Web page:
Metabolite-sensing receptors GPR43 and GPR109A facilitate dietary fibre-induced gut homeostasis through regulation of the inflammasome

Laurence Macia, Jian Tan, Angelica T Vieira, Katie Leach, Dragana Stanley, Suzanne Luong, Mikako Maruya, Craig McKenzie, Atsushi Hijikata, Connie H Y Wong, Lauren Clare Binge, Alison N Thorburn, Nina Chevalier, Caroline Ang Kim Lian, Eliana Marino Moreno, Remy Robert, Stefan Offermanns, Mauro M Teixeira, Robert J Moore, Richard A FlavellSidonia Fagarasan, Charles R Mackay

Research output: Contribution to journalArticleResearchpeer-review

840 Citations (Scopus)


Diet and the gut microbiota may underpin numerous human diseases. A major metabolic product of commensal bacteria are short-chain fatty acids (SCFAs) that derive from fermentation of dietary fibre. Here we show that diets deficient or low in fibre exacerbate colitis development, while very high intake of dietary fibre or the SCFA acetate protects against colitis. SCFAs binding to the metabolite-sensing receptors GPR43 and GPR109A in non-haematopoietic cells mediate these protective effects. The inflammasome pathway has hitherto been reported as a principal pathway promoting gut epithelial integrity. SCFAs binding to GPR43 on colonic epithelial cells stimulates K(+) efflux and hyperpolarization, which lead to NLRP3 inflammasome activation. Dietary fibre also shapes gut bacterial ecology, resulting in bacterial species that are more effective for inflammasome activation. SCFAs and metabolite receptors thus explain health benefits of dietary fibre, and how metabolite signals feed through to a major pathway for gut homeostasis.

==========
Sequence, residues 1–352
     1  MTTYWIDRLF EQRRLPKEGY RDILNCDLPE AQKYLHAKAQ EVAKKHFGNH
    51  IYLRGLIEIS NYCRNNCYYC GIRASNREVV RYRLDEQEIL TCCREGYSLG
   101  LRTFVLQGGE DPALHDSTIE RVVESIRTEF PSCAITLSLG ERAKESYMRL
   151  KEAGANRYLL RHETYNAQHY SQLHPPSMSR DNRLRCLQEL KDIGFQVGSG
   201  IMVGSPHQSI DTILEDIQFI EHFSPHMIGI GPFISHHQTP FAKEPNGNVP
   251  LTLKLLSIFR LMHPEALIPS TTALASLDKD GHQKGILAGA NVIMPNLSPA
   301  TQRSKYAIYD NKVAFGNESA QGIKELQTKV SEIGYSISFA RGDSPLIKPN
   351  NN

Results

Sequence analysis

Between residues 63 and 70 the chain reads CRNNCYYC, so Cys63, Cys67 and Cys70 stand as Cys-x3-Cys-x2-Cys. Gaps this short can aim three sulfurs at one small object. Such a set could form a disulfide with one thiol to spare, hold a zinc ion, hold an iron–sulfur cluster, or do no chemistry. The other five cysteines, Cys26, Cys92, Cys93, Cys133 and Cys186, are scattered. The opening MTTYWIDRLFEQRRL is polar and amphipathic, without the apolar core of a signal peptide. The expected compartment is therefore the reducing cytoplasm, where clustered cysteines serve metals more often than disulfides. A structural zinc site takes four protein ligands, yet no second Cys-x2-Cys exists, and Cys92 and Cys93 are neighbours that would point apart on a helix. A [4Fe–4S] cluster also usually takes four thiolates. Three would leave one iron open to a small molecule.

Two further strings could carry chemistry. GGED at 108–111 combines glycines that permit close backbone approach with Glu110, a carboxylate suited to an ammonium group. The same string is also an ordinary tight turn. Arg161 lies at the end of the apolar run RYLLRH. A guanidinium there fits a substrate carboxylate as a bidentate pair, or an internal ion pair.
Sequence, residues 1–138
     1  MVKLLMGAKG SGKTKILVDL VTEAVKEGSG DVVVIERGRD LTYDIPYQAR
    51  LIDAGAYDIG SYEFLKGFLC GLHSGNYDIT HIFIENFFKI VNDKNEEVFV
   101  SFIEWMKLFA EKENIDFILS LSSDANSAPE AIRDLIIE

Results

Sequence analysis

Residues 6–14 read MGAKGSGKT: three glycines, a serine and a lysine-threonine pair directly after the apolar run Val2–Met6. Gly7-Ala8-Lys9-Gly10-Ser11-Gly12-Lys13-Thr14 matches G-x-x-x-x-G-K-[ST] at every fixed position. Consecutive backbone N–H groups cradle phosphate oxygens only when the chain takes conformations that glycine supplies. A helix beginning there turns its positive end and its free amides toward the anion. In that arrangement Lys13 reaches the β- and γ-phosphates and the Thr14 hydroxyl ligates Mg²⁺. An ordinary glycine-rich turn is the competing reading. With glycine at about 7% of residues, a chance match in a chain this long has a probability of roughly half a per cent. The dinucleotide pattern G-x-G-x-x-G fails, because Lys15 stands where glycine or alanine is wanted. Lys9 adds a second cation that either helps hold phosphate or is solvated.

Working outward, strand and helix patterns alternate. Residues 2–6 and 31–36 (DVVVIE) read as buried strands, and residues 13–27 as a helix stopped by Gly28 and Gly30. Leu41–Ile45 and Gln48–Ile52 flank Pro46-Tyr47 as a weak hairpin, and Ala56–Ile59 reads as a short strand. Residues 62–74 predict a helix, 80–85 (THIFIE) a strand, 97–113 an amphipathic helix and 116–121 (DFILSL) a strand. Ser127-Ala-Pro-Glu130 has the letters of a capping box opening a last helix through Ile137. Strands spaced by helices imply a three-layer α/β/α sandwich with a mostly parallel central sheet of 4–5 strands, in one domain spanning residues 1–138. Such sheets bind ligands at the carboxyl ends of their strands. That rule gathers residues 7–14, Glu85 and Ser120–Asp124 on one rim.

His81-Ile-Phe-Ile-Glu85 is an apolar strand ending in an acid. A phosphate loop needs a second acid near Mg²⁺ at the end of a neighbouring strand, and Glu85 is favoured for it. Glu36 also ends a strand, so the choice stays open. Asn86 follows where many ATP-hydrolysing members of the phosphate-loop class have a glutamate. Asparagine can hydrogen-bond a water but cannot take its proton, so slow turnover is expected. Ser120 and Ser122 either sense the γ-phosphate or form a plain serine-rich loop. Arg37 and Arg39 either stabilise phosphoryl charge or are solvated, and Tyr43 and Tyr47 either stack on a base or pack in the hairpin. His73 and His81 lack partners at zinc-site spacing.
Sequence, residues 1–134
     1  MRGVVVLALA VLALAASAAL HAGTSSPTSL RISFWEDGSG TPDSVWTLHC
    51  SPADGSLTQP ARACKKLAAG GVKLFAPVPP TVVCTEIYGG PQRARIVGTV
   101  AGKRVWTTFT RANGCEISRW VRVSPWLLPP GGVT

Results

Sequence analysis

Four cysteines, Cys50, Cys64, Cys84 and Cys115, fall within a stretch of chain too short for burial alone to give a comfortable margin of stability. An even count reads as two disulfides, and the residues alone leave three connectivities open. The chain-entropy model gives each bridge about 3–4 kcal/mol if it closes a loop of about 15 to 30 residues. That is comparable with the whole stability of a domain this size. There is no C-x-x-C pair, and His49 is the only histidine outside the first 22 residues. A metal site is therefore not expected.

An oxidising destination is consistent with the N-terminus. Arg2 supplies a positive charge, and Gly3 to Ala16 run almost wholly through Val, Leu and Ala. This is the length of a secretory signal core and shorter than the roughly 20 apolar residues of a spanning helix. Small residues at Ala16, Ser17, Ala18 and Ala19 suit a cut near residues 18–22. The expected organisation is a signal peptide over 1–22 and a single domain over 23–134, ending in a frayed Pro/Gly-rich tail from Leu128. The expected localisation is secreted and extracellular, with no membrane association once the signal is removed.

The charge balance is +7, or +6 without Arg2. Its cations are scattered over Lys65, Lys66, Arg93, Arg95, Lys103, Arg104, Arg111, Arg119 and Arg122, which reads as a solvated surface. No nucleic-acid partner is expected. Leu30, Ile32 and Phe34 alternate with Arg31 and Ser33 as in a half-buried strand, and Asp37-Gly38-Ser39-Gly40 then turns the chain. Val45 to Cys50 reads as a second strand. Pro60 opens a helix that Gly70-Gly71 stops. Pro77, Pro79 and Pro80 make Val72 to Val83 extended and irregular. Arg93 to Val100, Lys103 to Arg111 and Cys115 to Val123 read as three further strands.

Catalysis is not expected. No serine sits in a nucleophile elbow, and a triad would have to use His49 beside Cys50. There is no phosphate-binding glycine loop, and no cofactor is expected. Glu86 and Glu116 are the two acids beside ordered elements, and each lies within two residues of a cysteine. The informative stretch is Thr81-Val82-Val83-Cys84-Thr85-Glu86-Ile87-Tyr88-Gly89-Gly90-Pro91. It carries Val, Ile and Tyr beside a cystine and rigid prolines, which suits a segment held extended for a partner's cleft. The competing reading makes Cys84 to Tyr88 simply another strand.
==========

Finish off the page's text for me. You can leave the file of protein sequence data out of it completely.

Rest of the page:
Original languageEnglish
Pages (from-to)1 - 15
Number of pages15
JournalNature Communications
Issue number(Art. No: 7734)
Publication statusPublished - 2015

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